BOOKS: by Michael Daniel (reviewer)News Weekly
BACKS TO THE WALL: A larrikin on the Western Front, by G.D. Mitchell with Robert Macklin
, April 28, 2007
Australian heroism rememberedBACKS TO THE WALL:
A larrikin on the Western Front
by G.D. Mitchell with Robert MacklinSydney: Allen & Unwin
Paperback: 352 pages
Rec. price: $29.95While researching Robert Macklin's recent biography of World War I hero Albert Jacka VC (reviewed in News Weekly, February 3, 2007), I came across Backs to the Wall, the account by George Deane Mitchell (1894-1961) of his World War I experiences.
Originally published in 1937, the book has long been out of print. Fortuitously, Mitchell's letters were recently submitted to the Australian War Memorial, and from these Robert Macklin has been able to reconstruct events in Mitchell's life prior to his wartime service in northern France and after the 1918 Armistice.
Mitchell originally enlisted in 1914 and served at Gallipoli in 1915, but spent only three months there before being invalided out due to illness.
He spent most of the following 12 months recuperating, then, in late 1916, embarked for France.Backs to the Wall
commences with Mitchell's arrival in northern France. It goes on to describe his military experience which encompassed some of the most bloody battles of the Great War - battles such as Bullecourt and Dernancourt Siding in which he fought as a member of the 10th Battalion and later the 48th Battalion.
He soon found himself in the front line but, unlike most other Australian soldiers, he did not receive a wound serious enough to remove him from there. Instead, he spent the following two years - apart from short intervals for leave and attending courses - on active service in France.
What strikes the reader almost immediately is the sheer horror of the trench warfare. Injury was sudden and unpredictable, with men often suffering slow deaths in acute agony.
Furthermore, they had to endure rats, lice and other privations such as a lack of food and sleep, and they lived in constant fear of being killed or maimed.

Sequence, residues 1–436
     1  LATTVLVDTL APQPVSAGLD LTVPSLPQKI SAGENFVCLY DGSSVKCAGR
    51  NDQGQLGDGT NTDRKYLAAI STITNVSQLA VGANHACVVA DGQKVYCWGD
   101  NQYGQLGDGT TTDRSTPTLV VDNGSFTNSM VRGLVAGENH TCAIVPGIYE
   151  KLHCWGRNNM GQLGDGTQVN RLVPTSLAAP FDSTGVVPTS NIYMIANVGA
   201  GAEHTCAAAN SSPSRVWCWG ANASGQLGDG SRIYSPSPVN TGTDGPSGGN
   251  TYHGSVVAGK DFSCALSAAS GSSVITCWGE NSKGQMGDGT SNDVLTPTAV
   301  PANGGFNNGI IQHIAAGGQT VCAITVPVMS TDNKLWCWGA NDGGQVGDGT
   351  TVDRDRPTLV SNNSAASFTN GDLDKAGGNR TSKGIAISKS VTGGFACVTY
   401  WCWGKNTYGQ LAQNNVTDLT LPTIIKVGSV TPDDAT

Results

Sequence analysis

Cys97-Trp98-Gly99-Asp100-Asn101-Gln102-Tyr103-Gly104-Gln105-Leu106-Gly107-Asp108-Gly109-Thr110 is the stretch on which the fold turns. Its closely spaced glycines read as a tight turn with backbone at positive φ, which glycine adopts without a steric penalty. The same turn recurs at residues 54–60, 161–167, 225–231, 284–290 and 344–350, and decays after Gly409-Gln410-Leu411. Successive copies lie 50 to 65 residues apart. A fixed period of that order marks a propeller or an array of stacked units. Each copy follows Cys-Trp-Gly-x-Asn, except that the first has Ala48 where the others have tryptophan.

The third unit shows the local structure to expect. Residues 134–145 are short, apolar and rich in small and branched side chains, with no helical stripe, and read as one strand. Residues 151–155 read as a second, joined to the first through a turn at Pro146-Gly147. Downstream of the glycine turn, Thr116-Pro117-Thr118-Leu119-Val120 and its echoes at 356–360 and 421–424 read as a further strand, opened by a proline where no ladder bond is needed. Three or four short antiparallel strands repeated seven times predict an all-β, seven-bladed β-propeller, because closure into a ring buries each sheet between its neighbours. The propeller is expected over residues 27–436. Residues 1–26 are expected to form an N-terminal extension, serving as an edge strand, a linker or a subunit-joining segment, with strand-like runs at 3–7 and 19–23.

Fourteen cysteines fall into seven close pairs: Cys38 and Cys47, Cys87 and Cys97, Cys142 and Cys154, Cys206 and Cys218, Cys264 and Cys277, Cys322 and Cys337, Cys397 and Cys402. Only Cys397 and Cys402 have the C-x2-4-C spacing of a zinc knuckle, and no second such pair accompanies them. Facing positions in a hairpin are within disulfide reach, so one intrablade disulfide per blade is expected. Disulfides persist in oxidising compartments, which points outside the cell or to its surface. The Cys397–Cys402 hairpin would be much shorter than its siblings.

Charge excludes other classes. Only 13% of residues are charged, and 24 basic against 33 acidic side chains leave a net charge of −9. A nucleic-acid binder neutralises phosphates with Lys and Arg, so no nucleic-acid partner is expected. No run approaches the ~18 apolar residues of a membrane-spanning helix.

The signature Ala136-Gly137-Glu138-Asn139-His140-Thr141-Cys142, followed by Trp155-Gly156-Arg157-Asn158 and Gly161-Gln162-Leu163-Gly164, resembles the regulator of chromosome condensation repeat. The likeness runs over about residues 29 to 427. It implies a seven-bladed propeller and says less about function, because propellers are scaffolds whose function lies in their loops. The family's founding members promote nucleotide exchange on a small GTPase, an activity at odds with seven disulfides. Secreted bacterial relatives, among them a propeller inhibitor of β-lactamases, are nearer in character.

Interestingly, while many other accounts by World War I veterans dwell on mateship and comradeship, Mitchell makes only passing reference to fellow soldiers and officers. It was undoubtedly true that having comrades was necessary for one's survival; but, what with so many soldiers being killed or invalided from active service, circumstances were scarcely favourable to developing and maintaining friendships.
What particularly stands out is the sheer bravery of Mitchell and his fellow-soldiers in enduring these terrible conditions.
Although war-weary, they recognised, for example, the urgency of the fight and the imperative not to waver when the German advance of March/April 1918 came so close to defeating the Allies.
This was indeed the pivotal moment when the Allied armies, had (as General Douglas Haig famously put it) their “backs to the wall” - hence the title of this book.
Macklin thus pays tribute to the heroism of the 47th Battalion, alongside whom the 48th Battalion fought at Dernancourt in early April 1918. Their resistance prevented the Germans from capturing an important French railway junction, but this was at the cost of the lives of a high percentage of the Australian battalion, including this reviewer's grandmother's cousin.*
This reprint of Backs to the Wall
is well timed to coincide with this year's Anzac Day. It would be of interest to the general public, particularly younger readers who have perhaps little knowledge of the conditions of trench warfare.
* This review is dedicated to the memory of Pte Eric Edward Coxon, killed in action, Dernancourt, France, April 5, 1918.